Rob Walker

Working title: Frames We Live Inside



Frames we live inside is a public sculpture that draws on the design, the history and the present realities of Annebergparken.


The forms of the site; the layout, architecture, interior design, gardens, forest, views and the lack there of - all speak of an institution designed not just in the physical space, to house and hold the body, but in the psychic and spiritual, to reprogram the minds of the troubled and the troubling. The famous scandal of ethical abuses and misguided morality in the name of medical research, scientific knowledge and public good is a timeless tale of hubris. Adaptations of this logic and power structures remain active in Annebergparken today. There is a men’s prison and a young offenders institute on the site alongside many open residences and private hospitals for the mentally infirm. By working with the occupants of these facilities through a collaboration with the municipality, we will discover what forces and structures enframe the minds and lives of those living here.


“People living in the West, in societies that we describe as Western, or as the free world, may be educated in many different ways, but they will all emerge with an idea about themselves that goes something like this: I am a citizen of a free society, and that means I am an individual, making individual choices. My mind is my own, my opinions are chosen by me, I am free to do as I will, and at the worst the pressures on me are economic, that is to say I may be too poor to do as I want. This set of ideas may sound something like a caricature, but it is not so far off how we see ourselves. It is a portrait that may not have been acquired consciously, but is part of a general atmosphere or set of assumptions that influence our ideas about ourselves. People in the West therefore may go through their entire lives never thinking to analyze this very flattering picture, and as a result are helpless against all kinds of pressures on them to conform in many kinds of ways.“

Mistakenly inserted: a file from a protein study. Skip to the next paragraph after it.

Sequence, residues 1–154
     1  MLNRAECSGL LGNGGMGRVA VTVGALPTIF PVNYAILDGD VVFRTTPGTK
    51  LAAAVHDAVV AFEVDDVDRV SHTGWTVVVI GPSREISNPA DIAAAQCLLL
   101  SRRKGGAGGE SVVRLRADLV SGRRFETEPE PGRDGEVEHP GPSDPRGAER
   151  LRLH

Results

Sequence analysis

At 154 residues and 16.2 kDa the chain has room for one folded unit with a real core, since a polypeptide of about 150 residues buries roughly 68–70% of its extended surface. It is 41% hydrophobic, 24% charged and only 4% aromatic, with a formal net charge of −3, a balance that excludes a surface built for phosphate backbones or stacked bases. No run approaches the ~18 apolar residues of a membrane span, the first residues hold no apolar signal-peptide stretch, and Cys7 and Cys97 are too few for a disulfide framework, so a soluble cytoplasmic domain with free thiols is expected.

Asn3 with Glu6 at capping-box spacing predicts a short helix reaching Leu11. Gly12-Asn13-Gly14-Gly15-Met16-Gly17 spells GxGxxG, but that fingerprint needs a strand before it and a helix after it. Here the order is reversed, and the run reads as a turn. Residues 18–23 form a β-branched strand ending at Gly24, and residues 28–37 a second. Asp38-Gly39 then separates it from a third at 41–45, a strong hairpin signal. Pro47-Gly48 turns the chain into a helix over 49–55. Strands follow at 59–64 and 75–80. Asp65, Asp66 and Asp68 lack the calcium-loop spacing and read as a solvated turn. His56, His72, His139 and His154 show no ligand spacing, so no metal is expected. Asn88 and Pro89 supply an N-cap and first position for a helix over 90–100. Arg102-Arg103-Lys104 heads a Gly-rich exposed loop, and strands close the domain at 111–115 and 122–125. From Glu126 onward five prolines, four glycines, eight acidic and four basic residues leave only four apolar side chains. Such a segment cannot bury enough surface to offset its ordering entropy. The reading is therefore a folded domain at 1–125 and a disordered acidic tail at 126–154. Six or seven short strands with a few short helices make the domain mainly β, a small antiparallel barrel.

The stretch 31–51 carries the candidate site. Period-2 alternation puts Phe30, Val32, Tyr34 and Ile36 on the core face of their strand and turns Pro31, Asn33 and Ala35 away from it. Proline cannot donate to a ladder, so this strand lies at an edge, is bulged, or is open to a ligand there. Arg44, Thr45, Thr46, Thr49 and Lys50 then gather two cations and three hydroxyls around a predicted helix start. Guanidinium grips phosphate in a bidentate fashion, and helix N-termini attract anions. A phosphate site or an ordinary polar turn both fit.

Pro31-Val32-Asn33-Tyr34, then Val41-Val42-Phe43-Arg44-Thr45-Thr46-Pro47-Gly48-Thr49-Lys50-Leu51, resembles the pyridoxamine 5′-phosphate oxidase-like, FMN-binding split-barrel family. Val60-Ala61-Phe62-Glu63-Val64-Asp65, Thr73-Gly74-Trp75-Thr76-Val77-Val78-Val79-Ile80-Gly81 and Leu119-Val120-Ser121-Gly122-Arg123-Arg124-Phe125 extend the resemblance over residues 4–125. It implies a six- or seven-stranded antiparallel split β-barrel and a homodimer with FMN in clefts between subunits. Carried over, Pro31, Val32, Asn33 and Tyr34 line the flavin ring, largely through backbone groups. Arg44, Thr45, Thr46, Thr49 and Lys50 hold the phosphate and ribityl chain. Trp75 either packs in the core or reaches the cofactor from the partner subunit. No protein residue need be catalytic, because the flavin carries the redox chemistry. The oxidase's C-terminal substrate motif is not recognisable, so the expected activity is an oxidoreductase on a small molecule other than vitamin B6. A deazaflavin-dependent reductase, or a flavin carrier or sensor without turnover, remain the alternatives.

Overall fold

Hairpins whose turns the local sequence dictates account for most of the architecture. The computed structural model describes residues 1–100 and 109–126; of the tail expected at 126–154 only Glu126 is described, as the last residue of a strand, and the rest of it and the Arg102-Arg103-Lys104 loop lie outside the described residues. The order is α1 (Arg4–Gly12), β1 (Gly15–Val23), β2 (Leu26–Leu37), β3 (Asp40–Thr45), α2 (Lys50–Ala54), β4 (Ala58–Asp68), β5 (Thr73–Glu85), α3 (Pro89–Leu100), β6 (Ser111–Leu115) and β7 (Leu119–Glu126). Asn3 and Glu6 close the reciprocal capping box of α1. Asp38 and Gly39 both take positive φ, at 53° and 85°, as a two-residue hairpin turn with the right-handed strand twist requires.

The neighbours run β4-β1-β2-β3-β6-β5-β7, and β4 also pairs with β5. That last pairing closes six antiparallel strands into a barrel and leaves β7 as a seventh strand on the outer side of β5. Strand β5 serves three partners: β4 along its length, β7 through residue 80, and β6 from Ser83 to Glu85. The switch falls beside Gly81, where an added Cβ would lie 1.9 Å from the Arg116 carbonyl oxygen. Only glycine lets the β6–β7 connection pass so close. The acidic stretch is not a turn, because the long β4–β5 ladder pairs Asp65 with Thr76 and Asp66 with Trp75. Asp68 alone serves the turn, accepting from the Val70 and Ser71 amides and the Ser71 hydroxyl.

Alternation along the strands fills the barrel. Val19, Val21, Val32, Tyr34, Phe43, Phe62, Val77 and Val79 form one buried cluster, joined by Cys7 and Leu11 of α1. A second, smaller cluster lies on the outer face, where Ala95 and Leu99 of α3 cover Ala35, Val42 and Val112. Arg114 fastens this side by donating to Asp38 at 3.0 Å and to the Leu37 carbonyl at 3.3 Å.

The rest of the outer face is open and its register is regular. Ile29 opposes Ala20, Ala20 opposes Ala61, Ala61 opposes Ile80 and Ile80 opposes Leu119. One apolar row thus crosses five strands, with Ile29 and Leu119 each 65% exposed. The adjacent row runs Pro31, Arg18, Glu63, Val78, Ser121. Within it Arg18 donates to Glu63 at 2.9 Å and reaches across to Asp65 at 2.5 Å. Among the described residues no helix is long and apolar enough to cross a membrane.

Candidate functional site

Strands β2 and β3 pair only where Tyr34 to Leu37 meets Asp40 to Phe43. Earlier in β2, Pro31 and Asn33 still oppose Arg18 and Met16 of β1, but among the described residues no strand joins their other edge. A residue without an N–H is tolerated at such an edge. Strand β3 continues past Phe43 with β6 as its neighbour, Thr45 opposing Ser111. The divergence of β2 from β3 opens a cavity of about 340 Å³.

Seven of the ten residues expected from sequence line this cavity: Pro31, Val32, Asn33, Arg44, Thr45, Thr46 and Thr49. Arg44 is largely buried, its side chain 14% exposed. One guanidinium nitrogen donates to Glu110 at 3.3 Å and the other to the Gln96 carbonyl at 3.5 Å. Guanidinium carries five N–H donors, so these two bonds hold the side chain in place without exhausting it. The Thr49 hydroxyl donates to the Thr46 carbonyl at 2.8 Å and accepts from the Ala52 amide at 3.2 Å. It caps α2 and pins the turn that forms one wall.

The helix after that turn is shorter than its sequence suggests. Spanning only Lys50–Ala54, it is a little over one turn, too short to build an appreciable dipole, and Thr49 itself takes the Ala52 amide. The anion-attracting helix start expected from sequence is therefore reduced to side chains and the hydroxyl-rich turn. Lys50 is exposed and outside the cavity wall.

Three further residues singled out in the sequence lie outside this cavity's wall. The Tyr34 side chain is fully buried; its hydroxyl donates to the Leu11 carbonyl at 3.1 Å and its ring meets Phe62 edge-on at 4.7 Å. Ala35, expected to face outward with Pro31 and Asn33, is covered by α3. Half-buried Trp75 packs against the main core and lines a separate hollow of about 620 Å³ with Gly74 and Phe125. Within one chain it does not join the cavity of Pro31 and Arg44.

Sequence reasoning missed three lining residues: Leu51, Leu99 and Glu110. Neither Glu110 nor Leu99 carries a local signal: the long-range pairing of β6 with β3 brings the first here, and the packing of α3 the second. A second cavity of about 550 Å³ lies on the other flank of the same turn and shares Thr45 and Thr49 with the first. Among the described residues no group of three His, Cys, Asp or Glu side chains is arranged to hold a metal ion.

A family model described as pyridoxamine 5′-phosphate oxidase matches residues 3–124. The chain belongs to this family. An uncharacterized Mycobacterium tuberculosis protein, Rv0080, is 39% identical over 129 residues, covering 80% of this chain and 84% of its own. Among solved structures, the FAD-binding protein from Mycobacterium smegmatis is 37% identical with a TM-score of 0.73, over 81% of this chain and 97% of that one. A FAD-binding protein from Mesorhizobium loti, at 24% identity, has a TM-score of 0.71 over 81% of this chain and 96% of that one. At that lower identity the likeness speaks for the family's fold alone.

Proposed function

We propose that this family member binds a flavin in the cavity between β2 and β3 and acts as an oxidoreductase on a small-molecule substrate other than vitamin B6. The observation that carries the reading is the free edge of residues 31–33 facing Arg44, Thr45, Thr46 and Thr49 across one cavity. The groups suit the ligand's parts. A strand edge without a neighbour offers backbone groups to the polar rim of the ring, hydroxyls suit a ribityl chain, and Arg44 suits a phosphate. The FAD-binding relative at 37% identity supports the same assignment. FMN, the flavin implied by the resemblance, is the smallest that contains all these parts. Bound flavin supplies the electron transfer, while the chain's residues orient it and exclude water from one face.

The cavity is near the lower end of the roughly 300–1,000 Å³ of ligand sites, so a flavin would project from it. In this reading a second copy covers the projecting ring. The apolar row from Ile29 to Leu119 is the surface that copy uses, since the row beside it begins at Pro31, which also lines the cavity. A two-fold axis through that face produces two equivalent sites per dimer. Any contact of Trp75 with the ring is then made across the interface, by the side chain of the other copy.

- Doris Lessing, Prisons we choose to live in


“What a tragic realm this is, he reflected. Those down here are prisoners, and the ultimate tragedy is that they don’t know it; they think they are free because they have never been free, and do not understand what it means. This is a prison, and few men have guessed. But I know, he said to himself. Because that is why I am here. … They do not know whom they serve. This is the heart of their misfortune: service in error, to a wrong thing. They are poisoned as if with metal, he thought. Metal confining them and metal in their blood; this is a metal world. Driven by cogs, a machine that grinds along, dealing out suffering and death... They are so accustomed to death, he realized, as if death, too, were natural. How long it has been since they knew the Garden.”

- Philip K. Dick, Divine Intervention


While drawn from two very different quarters, one a Nobel prize winning Zimbabwean feminist novelist, another a cult Californian pulp sci-fi writer, both address the possibility of identifying the economic, social, and spiritual institutions and superstructures that en-frame our actions, our minds and our views of ourselves. By investigating these with the occupants of Annebergparken’s institutions we hope to discover what prevents people from being at peace with themselves or society and how they arrive at such institutions. The desire to schematise, to create logical organisational structures for things, is at least as old as language itself. By taking the diagrams of the schemas attached to these institutions and superstructures identified by the occupants and removing their specificity, we are left with a pure visual representation of the palimpsest of powers that en-frame us all. This palimpsest is then etched into panels representing the walls of a room, a religious triptych, a monolith but also a door. The sculpture sits in a quiet grove next to the men’s prison, both visible from inside the prison and framing itself with the fencing of the prison boundary.

Elements and Materials


Photo: Sketch by Rob Walker. Copyright


symbolises openess, light and transparency, these can be a false promise as they present a boundary as uncrossable as others but promising something else.

Metal (iron)

is brutishness, physicality, hard work and physical entrapment. It is also solidity, permenance and production of man’s will in the world.

Engraved diagrams

from many sources are etched into the panels, overlayed and juxtaposed to the boundary of comprehension.

Experience / POV

The sculpture is intended to be read from many angles with the forms playing different roles when framed by foliage and grass or prison fencing.

Rob Walker has over 10 years of experience in the design and coding of digital experiences and now works as 'Head of UX and development' at @togetherbandofficial, a sustainability campaign for the UN's 17 World Goals.


In his artistic practice, he combines philosophical and political perspectives with technologies such as artificial intelligence and cryptocurrency.

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Rob Walker